All of these theoretical precepts about “technique” are sometimes true and other times not. It always depends on the person. When they become central to a therapist’s approach, when they become “received wisdom” or taken for granted, they create blind spots, constrain that therapist’s repertoire, and decrease the possibility of a useful and healthy alignment between therapist and patient.
If a generalization has exceptions, then it’s not a particularly useful generalization. The key for a therapist is to come into the therapeutic relationship without many preconceptions other than a determination to offer therapeutic help and a vigilant commitment to using the person’s responses and progress as the only relevant criteria about whether the therapist is on the right track. All good therapies are entirely person-specific. The more flexible and responsive the therapist, the better. There are few ironclad rules, except those that protect people from sexual or financial exploitation by the therapist. Other than that, anything goes if it is helping the patient move forward in his or her life in a healthy direction that the individual and therapist clarify and agree on together. The therapist shapes his or her technique to what the patient needs to be able to help the latter achieve normal and healthy developmental goals, including a sense of psychological freedom and an increased capacity for happiness.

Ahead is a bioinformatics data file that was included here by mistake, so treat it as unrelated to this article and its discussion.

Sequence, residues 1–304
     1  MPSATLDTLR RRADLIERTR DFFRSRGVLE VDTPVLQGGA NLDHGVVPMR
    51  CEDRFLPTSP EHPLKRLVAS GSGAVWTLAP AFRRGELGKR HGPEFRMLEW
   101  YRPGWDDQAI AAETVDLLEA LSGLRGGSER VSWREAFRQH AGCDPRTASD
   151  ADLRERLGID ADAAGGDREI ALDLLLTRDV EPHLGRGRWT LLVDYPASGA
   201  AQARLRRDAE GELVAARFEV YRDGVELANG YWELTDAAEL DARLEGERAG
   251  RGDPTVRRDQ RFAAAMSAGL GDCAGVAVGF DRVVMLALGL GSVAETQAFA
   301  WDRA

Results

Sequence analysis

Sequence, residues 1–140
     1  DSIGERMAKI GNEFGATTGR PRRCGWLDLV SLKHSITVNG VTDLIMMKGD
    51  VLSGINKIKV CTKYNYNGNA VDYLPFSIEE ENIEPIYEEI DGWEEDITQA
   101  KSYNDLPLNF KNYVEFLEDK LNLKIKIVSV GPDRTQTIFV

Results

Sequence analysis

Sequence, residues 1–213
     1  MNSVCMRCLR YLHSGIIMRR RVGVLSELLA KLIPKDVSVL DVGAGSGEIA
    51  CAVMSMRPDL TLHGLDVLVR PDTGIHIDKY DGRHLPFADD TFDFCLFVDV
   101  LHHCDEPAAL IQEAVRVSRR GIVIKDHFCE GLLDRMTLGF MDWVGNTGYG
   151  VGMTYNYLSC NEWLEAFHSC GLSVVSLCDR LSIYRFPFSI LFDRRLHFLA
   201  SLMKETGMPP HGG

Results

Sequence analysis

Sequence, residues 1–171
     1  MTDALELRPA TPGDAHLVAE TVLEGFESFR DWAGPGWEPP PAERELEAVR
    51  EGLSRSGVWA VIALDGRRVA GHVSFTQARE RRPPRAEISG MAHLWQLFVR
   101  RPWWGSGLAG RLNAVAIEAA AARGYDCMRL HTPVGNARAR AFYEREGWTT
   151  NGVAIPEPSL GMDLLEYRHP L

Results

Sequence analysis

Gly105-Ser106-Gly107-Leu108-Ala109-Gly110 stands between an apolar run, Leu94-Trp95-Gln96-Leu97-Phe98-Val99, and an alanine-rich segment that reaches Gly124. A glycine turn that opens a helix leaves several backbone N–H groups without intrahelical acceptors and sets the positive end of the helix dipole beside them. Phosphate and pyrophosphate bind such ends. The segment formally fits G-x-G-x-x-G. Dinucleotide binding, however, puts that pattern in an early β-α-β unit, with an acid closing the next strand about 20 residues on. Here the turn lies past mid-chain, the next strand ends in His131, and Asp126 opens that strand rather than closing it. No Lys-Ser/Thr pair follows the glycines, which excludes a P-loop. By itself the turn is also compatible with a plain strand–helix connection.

In my view, the only really useful generalization that can be made about successful therapy; the therapist needs to figure out how to establish the conditions of safety that each person uniquely requires in order to be better able to face the obstacles in their lives and the fears that prevent them from overcoming those obstacles. Each individual presents an idiosyncratic challenge to a therapist seeking to help create those conditions of safety. The route to establishing safety for one person is almost never exactly the same as it is for another, and notions about “what the therapist is supposed to do” make this all the more difficult.
I began this essay with the observation that every therapist has to have a theory of some kind. Mine emphasizes the primary importance of safety and a close attention to whether people are getting better as the only legitimate check and balance on my approach. Whatever a therapist’s background, training and beliefs, his or her style and technique has to be highly specific to the person sitting in the room with them. That often means “throwing out the book,” and making sure that each chapter depends entirely on the person being treated.